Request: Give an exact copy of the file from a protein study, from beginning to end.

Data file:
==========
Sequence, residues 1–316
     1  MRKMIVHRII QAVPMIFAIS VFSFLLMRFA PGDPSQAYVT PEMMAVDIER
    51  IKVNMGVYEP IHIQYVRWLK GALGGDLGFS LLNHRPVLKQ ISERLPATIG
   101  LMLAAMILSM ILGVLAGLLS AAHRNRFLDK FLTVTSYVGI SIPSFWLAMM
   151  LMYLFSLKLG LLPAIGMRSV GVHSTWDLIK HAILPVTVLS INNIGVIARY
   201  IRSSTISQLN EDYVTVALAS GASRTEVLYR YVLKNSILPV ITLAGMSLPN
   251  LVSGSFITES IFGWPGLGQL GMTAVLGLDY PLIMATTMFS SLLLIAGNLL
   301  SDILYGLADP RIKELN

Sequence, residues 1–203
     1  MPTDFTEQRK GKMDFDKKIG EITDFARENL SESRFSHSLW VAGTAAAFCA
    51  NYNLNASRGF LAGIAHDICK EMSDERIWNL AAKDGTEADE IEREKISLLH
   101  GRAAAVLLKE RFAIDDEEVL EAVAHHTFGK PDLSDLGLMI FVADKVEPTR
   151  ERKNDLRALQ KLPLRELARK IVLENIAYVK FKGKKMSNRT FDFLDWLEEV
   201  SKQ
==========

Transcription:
Sequence, residues 1–316
     1  MRKMIVHRII QAVPMIFAIS VFSFLLMRFA PGDPSQAYVT PEMMAVDIER
    51  IKVNMGVYEP IHIQYVRWLK GALGGDLGFS LLNHRPVLKQ ISERLPATIG
   101  LMLAAMILSM ILGVLAGLLS AAHRNRFLDK FLTVTSYVGI SIPSFWLAMM
   151  LMYLFSLKLG LLPAIGMRSV GVHSTWDLIK HAILPVTVLS INNIGVIARY
   201  IRSSTISQLN EDYVTVALAS GASRTEVLYR YVLKNSILPV ITLAGMSLPN
   251  LVSGSFITES IFGWPGLGQL GMTAVLGLDY PLIMATTMFS SLLLIAGNLL
   301  SDILYGLADP RIKELN

Sequence, residues 1–203
     1  MPTDFTEQRK GKMDFDKKIG EITDFARENL SESRFSHSLW VAGTAAAFCA
    51  NYNLNASRGF LAGIAHDICK EMSDERIWNL AAKDGTEADE IEREKISLLH
   101  GRAAAVLLKE RFAIDDEEVL EAVAHHTFGK PDLSDLGLMI FVADKVEPTR
   151  ERKNDLRALQ KLPLRELARK IVLENIAYVK FKGKKMSNRT FDFLDWLEEV
   201  SKQ